While marker training can be used to train virtually any behavior you need to start someplace and we like to start with targeting. We use a targeting stick with a YES markers (although our targeting stick does have a built in clicker).
It is a simple concept. Extend the stick and hold it out away from your side. When the dog looks at it Mark the moment (only one mark) and reward the dog. The reward can be delivered at the little ball on the end of the stick.
Repeat the process until your dog knows to look at the stick when you hold it out.
When the dog takes one step toward the stick, mark and reward the the step (making sure these two events do not happen at the same instant). Then mark two steps and then the dog sniffing the end and finally touching the end of the stick with his nose.
Targeting the end of a stick may seem like a useless behavior but in fact it has many applications. We can use the same concept to teach our dogs to go to their bed, to go into their dog crate. It can be one part of a learned chain of behaviors to trim the dogs nails or clean his ears.
We like to expand the targeting into a hand touch command. This then becomes a fun game to play with our dogs but also a behavior we ask for to re-direct or dog away from dogs and people while on walks or when it’s getting into something we don’t want him to mess with.
For a reward to have the best results it must come within 1/2 second of the behavior you want to encourage. Some people say that the reward must come quicker than a second; others say the reward must come within 1 1/2 seconds.
No matter how good you are you are not going to consistently be able to get a reward your dog in under a 1/2 of a second. You may occasionally do it but you will never get it done 100% of the time. Markers allow you to instantly mark a behavior and when the dog understands that a reward follows the mark you can take several seconds to reward the mark. This results in the dog learning much faster.
People who don’t train with markers don’t have that luxury. The longer they delay between the behavior and the reward the less chance their dog associates the behavior with the reward. If praise is delayed by 2 or 3 seconds after a behavior there is an excellent chance that the dog will associate the reward with a behavior that is different than what the handler wanted to reward.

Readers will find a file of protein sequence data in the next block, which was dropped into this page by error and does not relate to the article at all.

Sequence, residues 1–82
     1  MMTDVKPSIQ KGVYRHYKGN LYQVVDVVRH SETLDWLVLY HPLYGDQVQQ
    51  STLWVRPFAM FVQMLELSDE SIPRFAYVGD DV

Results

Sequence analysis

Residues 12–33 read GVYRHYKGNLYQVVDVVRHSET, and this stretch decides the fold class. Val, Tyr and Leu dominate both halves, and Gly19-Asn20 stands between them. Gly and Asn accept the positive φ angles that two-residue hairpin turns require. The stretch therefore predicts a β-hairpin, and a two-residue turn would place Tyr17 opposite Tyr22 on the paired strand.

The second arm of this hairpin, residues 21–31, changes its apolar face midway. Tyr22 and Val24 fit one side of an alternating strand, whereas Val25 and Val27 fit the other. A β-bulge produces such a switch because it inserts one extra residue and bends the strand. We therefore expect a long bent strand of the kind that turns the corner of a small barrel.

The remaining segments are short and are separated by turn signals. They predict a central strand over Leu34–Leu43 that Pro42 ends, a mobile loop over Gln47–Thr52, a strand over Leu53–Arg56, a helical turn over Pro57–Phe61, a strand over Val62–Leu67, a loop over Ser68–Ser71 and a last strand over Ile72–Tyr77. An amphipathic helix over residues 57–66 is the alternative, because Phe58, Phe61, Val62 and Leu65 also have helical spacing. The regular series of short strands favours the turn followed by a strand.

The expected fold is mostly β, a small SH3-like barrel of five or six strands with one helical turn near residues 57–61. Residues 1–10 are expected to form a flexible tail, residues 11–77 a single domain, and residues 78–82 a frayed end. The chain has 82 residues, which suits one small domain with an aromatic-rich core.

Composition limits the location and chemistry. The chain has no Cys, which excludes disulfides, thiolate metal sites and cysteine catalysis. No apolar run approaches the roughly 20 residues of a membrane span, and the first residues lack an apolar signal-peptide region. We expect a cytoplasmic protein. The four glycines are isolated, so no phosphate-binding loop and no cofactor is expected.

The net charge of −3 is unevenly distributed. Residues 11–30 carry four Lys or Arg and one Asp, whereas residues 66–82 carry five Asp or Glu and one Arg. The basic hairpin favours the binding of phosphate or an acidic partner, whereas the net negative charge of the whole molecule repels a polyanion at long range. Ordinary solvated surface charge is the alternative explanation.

This is why timing the Mark is so important in dog training and why marker training is so effective.
Through repetition and experience your dog will quickly realize that when he hears the mark he knows he is going to get a reward for what he just did. It may take a few seconds but he knows the reward is coming and he knows what he did to earn it. It becomes crystal clear to the dog.
During your marker training you do not have to jump to rush the the reward. When the dog understands that a reward is coming after the mark, the delivery of the reward becomes part of the satisfaction. Compare it to eating out at a nice restaurant. Watching the waiter as he brings you food and puts it on the table is part of the fine dining experience.
This concept becomes even more important when we are working on exercises where our dog is some distance from us. It allows us the time we need to get to the dog and reward him and still have him understand why he is getting the reward.
New dog handlers must learn the correct timing on when they give the actual mark during training. The easiest way to understand how this works is to think like a dog. In a way your dog takes a mental picture (snap shot) of exactly what he is doing at the instant you mark a behavior. They relate the mark/reward to that mental snap shot they took when they heard the word YES.